In order to generate strong returns and minimize risk, Rhode Island’s investments are spread across several different types of asset classes, a practice known as “diversification”.
Diversification allows the state to take advantage of a number of different investment styles without the risk of concentrating too much of the state’s funds in one type of asset class.
Different asset classes have different qualities. Some asset classes, including U.S. Equities and International Equities, are expected to produce strong returns over time but are also expected to have volatile performance during economic downturns. Other asset classes, for instance, fixed income and hedged equity, are expected to produce lower returns over time, but provide more stability during economic downturns.
Overall, Rhode Island invests a majority of its funds in asset classes that are expected to produce high returns, while still investing enough in lower-risk asset classes to protect the state’s position during economic downturns.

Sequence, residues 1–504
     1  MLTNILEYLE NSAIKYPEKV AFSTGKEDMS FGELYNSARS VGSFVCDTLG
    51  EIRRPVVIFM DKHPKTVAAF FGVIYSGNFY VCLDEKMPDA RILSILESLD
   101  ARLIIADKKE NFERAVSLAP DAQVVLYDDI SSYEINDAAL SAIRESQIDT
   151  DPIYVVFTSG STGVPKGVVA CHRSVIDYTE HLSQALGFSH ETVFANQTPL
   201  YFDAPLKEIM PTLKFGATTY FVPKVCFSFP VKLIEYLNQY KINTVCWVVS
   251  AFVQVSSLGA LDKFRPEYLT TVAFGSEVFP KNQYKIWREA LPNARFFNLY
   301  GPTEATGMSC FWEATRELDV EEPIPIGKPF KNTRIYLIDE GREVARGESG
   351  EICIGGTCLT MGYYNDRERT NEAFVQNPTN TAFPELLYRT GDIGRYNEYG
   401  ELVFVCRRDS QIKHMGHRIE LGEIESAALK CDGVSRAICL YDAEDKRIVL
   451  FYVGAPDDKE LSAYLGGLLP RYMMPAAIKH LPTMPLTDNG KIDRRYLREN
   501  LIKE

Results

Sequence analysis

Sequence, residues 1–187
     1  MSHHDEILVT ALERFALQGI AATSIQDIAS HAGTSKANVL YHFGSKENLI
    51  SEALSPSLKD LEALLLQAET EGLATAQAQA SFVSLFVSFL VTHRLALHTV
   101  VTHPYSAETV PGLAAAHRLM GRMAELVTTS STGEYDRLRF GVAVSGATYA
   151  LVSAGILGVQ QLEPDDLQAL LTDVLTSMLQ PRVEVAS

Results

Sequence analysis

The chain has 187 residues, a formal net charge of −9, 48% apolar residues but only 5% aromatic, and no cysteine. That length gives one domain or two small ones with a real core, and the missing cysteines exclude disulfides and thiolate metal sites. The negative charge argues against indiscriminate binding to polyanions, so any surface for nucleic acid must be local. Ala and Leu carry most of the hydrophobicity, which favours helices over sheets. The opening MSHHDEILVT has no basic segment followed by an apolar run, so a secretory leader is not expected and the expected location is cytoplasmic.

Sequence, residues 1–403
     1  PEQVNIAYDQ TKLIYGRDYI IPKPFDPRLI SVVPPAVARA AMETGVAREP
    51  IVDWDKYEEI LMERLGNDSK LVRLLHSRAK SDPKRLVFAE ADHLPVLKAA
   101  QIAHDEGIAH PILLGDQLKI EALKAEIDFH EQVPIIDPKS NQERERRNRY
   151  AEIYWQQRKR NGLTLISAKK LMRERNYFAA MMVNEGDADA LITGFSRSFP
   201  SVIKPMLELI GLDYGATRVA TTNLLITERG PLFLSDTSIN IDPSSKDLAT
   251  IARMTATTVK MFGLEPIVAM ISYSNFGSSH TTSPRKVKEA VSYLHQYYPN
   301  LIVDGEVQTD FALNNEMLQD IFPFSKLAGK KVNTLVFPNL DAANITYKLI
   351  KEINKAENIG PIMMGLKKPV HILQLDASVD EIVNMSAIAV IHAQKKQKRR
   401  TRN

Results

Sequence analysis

The State Investment Commission (SIC) adopts a Policy Allocation with targets for how the state’s funds should be invested across the various asset classes. Treasury investment staff has limited discretion to adjust the asset allocation of the portfolio in response to market conditions and to minimize the cost of rebalancing the portfolio.
The above graphs show both the current Policy Allocation set by the SIC, and the Actual Allocation of the state’s investments as of last month.
Vist our glossary of Asset Class Descriptions to learn more about about the various asset classes that make up the states portfolio.